Republican lawmakers packed up and headed home from Olympia Thursday, leaving Washington without a bipartisan construction budget for the first time in the state’s history. Dan Frizzell has the story in this audio report produced by the Washington State House Democratic Caucus.
SULLIVAN: “We had hoped to pass a Hirst bill, along with a capital budget that funds tens of thousands of jobs across the state, funds our schools, mental health facilities, things that are really important to the future of the state.” [:11]
House Majority Leader Pat Sullivan’s disappointment was evident as he talked to reporters Thursday afternoon about the path to the final gavel of the 2017 Legislature after a 105-day regular session and a trio of 30-day special sessions. Most of the last month saw majority Senate Republicans boycotting negotiations on a capital budget that would have pumped more than four billion dollars into the state’s economy. GOP leaders refused to talk about that traditionally bipartisan construction plan until Sullivan and his fellow Democrats agreed to an unrelated bill dealing with the so-called Hirst decision. That state Supreme Court ruling essentially made permitting new water wells in some parts of the state much more difficult, and Republicans insisted on a bill that would attempt to authorize what the justices had just outlawed. Democrats favored a solution that they say would have prevented yet another expensive court battle, but were rebuffed by the Senate. Sullivan, a Democrat from Covington, hears the clock ticking.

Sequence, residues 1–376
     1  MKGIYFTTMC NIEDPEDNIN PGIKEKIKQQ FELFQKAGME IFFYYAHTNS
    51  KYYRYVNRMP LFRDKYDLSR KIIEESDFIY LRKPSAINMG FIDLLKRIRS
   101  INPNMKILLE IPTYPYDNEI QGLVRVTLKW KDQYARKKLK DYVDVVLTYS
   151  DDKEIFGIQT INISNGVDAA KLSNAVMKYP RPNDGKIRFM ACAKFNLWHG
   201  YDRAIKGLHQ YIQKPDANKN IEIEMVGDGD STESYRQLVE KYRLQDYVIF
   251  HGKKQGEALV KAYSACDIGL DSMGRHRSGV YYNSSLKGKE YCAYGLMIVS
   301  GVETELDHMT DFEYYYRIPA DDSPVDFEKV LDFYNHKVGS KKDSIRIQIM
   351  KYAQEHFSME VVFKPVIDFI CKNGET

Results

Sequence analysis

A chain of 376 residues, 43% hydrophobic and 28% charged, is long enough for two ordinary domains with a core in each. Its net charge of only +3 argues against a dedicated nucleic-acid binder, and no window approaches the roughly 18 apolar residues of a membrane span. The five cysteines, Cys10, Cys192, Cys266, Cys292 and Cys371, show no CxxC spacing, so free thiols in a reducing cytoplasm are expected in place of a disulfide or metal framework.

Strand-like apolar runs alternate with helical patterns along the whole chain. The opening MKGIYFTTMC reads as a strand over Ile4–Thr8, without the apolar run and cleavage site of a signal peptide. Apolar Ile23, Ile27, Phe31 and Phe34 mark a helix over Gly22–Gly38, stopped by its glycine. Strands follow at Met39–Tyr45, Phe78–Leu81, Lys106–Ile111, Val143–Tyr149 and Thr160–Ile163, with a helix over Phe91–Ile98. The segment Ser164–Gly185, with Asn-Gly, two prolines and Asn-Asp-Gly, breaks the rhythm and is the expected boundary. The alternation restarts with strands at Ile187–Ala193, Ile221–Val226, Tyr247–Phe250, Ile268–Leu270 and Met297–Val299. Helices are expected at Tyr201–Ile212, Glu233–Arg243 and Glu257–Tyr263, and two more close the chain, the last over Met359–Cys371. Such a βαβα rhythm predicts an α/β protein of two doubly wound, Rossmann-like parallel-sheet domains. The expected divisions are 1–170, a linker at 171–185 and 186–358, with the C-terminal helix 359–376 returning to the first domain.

SULLIVAN: “We had a proposal that would have allowed for a two-year extension on people getting water certificates and guaranteed those permits for landowners. That was rejected by the Senate Republicans, and as a result of that, the Senate Republicans have said they will not pass a capital budget.” [:17]
Estimates on job losses in private industry caused by the lack of a capital budget range from 20 thousand to as many as three times that. Sullivan said he’s also concerned that without the billion dollars of K-12 construction included in the budget, the Legislature’s efforts to satisfy the Supreme Court’s McCleary ruling will fall short, less than a month after that problem had seemed to have been solved with the long-delayed passage of the state’s operating budget. Now, with the Legislature adjourned, possibly until next January, Sullivan says he still hopes to renew talks with Senate Republicans next week, in an effort to find a solution in time to save many if not all of those jobs, allow rural homeowners to dig their wells, and sell the bonds that ultimately pay for the capital budget. In Olympia, I’m Dan Frizzell.